Firms across sectors of the economy are addressing sustainability in more meaningful ways. Much of their effort today is focused on the processes and materials that go into developing goods themselves, as opposed to the underlying sustainability of a product’s packaging and fulfillment. Both the materials/processes used to physically package & protect goods, as well as the process of moving said goods from point A to B, generate high amounts of waste and have historically been energy inefficient. This is a problem that has rapidly grown as e-commerce accelerated since COVID-19. To keep pace with customer demand, firms must pay more attention to “greening” the fulfillment process by addressing six key trends:
Regulation, consumer demand, and competition are pressuring industry towards best practices. China’s mandates on plastic consumption reporting by retailers, US legislative proposals to ban single-use plastics, the EU’s packaging waste directive, and the UN’s Environment Programme all exemplify the external pressures firms will face to act. Outside of regulation, increasingly eco-conscious consumers are demanding corporations adopt measurable and tangible environmental actions. In response, corporate competition has raised the bar in their implementation of corporate sustainability strategy and best practices. “Greening” the fulfillment process is fast becoming an unavoidable process.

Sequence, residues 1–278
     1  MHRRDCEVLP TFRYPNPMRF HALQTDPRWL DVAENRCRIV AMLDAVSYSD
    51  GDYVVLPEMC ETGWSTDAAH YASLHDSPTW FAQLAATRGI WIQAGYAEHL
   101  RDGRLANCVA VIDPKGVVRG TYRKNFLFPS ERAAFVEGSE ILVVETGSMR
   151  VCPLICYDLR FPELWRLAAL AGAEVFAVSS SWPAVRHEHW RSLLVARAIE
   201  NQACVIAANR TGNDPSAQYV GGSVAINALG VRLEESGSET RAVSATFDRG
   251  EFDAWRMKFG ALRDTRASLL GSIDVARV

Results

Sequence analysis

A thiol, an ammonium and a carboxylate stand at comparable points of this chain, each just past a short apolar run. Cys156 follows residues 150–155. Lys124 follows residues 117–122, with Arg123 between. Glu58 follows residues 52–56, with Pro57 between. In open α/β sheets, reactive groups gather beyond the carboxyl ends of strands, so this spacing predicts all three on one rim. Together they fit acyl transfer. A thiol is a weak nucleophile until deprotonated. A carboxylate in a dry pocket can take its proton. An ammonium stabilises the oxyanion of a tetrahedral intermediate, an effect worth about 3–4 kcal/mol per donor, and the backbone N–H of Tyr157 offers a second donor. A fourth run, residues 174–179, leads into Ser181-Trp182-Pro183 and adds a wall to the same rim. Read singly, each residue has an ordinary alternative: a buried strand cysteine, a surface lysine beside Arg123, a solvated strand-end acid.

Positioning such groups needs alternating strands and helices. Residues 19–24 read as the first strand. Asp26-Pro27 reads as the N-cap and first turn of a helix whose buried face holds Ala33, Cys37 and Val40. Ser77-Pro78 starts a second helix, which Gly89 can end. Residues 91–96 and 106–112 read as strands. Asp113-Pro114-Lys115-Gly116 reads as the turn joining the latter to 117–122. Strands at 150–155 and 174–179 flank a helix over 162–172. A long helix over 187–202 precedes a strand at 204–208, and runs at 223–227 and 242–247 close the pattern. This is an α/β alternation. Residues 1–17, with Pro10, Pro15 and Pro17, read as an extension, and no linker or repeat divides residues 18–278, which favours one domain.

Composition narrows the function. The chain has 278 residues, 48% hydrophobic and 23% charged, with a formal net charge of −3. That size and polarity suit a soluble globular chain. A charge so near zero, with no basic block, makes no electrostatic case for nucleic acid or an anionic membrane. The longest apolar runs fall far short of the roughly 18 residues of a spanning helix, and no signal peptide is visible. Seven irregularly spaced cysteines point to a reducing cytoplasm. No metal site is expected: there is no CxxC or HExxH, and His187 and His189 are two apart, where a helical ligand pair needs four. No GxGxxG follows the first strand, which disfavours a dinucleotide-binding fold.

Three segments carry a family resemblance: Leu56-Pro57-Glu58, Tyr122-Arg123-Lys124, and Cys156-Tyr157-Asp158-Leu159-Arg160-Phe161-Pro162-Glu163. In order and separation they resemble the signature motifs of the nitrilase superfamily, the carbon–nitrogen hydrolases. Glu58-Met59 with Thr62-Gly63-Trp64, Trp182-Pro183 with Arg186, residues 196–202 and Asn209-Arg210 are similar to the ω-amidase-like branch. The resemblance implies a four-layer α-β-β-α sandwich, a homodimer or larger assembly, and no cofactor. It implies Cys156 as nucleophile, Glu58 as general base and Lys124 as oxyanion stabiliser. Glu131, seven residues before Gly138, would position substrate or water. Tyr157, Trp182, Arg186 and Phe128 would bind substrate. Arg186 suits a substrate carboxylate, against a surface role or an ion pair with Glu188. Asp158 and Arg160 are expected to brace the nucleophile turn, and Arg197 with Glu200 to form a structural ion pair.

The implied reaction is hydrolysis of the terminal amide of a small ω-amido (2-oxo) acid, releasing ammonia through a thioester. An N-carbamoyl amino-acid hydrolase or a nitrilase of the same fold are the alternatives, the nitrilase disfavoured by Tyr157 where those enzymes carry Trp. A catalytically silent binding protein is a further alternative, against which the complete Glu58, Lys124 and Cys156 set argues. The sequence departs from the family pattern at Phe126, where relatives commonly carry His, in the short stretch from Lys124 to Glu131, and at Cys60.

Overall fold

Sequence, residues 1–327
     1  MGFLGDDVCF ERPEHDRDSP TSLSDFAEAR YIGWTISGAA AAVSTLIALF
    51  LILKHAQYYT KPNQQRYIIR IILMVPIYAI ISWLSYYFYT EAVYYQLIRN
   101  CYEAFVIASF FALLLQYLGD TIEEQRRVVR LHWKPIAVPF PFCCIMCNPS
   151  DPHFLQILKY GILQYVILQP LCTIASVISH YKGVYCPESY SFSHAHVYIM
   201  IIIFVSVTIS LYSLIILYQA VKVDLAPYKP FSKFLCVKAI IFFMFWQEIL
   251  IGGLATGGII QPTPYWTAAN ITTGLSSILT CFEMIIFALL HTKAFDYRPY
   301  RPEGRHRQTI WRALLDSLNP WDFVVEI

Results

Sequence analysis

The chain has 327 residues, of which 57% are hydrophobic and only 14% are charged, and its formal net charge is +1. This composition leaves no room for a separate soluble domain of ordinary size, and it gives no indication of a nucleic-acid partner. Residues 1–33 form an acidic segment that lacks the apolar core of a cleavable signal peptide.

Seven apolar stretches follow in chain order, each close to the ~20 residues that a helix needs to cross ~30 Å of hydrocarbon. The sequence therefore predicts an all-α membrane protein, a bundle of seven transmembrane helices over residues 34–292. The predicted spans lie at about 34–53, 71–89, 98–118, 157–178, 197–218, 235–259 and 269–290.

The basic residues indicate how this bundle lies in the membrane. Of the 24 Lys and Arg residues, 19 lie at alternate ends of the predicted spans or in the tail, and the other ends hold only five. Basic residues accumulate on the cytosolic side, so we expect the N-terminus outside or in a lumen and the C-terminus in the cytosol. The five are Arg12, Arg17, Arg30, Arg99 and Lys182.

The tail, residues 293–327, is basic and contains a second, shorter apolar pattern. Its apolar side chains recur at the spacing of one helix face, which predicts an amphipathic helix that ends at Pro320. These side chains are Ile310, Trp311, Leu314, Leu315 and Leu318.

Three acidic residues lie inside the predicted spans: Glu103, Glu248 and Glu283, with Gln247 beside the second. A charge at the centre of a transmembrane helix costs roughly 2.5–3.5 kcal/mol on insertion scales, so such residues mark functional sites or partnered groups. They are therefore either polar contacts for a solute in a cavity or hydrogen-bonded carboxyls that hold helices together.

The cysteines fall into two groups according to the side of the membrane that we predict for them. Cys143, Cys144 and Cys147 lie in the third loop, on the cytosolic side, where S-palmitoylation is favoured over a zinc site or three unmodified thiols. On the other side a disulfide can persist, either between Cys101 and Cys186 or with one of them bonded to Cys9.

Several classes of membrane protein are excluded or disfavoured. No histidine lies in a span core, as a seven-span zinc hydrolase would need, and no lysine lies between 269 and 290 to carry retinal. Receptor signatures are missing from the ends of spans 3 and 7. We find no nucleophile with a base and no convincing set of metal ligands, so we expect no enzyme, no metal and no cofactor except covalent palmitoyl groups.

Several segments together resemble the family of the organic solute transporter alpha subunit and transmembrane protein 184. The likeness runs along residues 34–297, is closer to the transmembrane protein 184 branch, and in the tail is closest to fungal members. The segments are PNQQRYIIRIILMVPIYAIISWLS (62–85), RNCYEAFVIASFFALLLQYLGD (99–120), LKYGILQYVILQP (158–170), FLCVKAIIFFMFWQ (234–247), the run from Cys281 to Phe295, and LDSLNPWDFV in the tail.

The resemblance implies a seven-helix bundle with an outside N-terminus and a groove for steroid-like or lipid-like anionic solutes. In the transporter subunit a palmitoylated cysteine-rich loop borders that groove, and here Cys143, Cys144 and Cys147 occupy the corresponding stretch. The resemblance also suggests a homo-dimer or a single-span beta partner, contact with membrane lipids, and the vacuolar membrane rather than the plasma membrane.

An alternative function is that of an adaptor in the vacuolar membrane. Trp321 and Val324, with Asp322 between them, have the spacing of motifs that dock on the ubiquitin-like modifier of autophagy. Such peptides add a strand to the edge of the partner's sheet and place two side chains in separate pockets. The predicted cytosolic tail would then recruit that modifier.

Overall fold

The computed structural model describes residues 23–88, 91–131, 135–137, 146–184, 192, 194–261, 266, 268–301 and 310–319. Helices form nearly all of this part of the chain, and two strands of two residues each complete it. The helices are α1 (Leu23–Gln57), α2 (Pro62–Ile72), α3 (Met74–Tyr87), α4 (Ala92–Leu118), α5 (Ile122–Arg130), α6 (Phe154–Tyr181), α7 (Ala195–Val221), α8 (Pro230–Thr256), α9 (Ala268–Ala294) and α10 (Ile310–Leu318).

BCE has evaluated three industries as examples of current packaging and shipping practices and the range of efforts underway currently. As you can see in the figure below, some sectors of the economy are far ahead of others when it comes to packaging and sustainability practices today:
Industries must develop meaningful and implementable shipping & packaging efforts to meet increasing expectations of consumers and keep pace with competitors. Several key questions should be at the forefront for companies as they consider how best to approach packaging and shipping sustainability:
The effective implementation of sustainable packaging and shipping practices can help achieve corporate sustainability goals while driving down costs in the supply chain. Corporate action must be taken as customers demand improvements, governments establish regulations, and competitors work towards best practices.